The Los Angeles Department of Water and Power said Wednesday it is hiring more workers and simplifying applications for customers who install solar panels on their roof.
The efforts come as the utility faces criticism from many Angelenos who complain of long waits and bureaucratic hurdles when trying to get solar systems hooked to the power grid.
The utility has doubled its staff for processing applications, and will also hire more workers to man its hotline, the LADWP said in a Wednesday statement. The utility is also looking for ways to improve the overall experience for solar customers, such as streamlining the application review process.
The city's Department of Building and Safety will also simplify the permitting process for customers trying to obtain the proper paperwork to install panels, the utility said.
"We recognize that our solar customers have become frustrated with longer than normal response times and the challenges of navigating through the application, review, inspection and rebate processes," LADWP General Manager Marcie Edwards said. "We want to make it easier for customers to go solar."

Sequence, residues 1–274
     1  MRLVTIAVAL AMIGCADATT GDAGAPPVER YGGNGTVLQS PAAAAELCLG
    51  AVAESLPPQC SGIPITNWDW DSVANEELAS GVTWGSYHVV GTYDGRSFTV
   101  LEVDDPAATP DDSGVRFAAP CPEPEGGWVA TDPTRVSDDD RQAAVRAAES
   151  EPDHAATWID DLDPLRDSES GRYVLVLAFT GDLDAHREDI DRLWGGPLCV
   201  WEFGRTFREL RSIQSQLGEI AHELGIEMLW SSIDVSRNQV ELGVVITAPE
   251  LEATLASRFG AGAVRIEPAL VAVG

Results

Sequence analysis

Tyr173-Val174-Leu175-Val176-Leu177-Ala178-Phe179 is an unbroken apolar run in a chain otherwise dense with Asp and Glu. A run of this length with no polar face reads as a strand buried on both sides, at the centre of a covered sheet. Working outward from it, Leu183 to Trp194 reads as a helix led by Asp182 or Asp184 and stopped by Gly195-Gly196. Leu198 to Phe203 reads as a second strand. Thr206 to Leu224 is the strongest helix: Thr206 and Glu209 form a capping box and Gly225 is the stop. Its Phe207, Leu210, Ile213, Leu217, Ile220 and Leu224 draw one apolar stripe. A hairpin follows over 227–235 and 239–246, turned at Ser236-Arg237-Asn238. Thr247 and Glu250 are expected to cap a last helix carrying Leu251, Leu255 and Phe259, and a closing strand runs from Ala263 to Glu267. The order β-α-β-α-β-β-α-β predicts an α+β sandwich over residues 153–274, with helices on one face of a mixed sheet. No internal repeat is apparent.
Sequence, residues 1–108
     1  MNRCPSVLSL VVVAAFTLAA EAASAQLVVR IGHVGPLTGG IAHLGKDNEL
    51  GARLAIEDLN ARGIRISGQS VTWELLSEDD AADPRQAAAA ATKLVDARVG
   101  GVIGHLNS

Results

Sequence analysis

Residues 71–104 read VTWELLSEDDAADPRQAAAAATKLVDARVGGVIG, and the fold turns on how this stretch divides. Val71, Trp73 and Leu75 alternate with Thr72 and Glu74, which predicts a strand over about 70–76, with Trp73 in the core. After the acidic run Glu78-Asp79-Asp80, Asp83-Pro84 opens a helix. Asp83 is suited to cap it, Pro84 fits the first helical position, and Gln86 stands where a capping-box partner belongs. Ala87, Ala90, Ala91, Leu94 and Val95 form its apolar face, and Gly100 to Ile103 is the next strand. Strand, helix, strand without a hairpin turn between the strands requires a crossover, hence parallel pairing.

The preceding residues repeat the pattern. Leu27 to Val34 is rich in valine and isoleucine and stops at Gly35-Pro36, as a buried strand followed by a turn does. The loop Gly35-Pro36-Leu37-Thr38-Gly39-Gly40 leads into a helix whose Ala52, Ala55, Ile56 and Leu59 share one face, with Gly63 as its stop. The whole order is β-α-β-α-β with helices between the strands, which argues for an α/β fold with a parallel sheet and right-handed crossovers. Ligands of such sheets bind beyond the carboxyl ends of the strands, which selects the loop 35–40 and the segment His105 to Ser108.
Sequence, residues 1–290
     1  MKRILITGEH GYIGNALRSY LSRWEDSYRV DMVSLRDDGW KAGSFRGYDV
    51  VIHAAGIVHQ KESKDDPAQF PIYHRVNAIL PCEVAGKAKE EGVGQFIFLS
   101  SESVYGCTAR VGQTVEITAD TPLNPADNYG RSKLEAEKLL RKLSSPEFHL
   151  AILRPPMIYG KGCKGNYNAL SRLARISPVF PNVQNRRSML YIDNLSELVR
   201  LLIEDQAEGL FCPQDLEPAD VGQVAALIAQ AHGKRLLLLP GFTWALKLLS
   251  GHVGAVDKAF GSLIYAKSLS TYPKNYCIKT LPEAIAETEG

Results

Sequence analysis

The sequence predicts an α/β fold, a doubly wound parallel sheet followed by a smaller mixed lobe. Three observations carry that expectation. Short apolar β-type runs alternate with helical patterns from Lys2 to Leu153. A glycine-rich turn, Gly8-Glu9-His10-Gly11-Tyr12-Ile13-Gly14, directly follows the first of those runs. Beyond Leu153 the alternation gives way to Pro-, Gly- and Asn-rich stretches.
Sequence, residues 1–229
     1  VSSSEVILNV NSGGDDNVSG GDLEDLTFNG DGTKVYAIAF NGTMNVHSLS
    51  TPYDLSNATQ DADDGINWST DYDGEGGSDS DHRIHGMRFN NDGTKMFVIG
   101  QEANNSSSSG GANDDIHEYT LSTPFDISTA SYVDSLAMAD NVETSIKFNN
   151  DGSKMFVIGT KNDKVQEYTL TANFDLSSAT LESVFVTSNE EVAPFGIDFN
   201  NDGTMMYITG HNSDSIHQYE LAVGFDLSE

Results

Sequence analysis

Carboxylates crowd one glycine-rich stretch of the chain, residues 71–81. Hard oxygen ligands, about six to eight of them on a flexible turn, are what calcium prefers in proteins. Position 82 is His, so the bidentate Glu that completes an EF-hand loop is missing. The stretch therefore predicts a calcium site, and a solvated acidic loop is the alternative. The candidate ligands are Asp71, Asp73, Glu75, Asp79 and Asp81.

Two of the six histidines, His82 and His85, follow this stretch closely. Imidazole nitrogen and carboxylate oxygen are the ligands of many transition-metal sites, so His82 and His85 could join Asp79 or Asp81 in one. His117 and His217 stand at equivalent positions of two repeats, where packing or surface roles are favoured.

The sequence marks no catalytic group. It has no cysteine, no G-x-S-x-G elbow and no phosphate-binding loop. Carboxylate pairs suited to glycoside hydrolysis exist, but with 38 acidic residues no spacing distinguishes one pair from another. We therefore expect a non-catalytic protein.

A Times article in February found that homeowners who want to go solar in L.A. wait at least 12 to 13 weeks before their systems are fully approved and hooked up to the grid. That was roughly five times what it takes in Sacramento and San Diego.
The LADWP said it is still working through a backlog of applications that grew over the last half of 2013. It fell behind after experiencing a big jump in applications, combined with inadequate staff.
In the last half of 2013, customers sent in about 428 applications a month, the LADWP said. That's a 38% increase from the first half of 2012.
Billing problems will also be resolved, the utility said, after a technical problem with its meter-reading system and new billing system was fixed.
The LADWP is "mailing updated bills to solar customers, along with letters of apology to explain what happened," the utility said.
Progress will be updated on its website on a weekly basis, the LADWP said. The information provided will include data on the backlog of rebate checks, application numbers and other performance metrics.